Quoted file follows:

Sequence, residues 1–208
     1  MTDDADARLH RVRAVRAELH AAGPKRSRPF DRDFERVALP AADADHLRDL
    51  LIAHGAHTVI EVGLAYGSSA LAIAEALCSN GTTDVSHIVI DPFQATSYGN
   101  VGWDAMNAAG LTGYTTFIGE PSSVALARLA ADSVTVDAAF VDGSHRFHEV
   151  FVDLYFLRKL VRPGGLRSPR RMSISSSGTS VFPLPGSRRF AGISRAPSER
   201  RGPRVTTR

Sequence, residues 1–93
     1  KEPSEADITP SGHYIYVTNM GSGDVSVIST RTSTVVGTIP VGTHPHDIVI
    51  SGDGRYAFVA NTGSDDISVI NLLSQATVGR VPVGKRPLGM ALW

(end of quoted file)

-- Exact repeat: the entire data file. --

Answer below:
Sequence, residues 1–208
     1  MTDDADARLH RVRAVRAELH AAGPKRSRPF DRDFERVALP AADADHLRDL
    51  LIAHGAHTVI EVGLAYGSSA LAIAEALCSN GTTDVSHIVI DPFQATSYGN
   101  VGWDAMNAAG LTGYTTFIGE PSSVALARLA ADSVTVDAAF VDGSHRFHEV
   151  FVDLYFLRKL VRPGGLRSPR RMSISSSGTS VFPLPGSRRF AGISRAPSER
   201  RGPRVTTR

Sequence, residues 1–93
     1  KEPSEADITP SGHYIYVTNM GSGDVSVIST RTSTVVGTIP VGTHPHDIVI
    51  SGDGRYAFVA NTGSDDISVI NLLSQATVGR VPVGKRPLGM ALW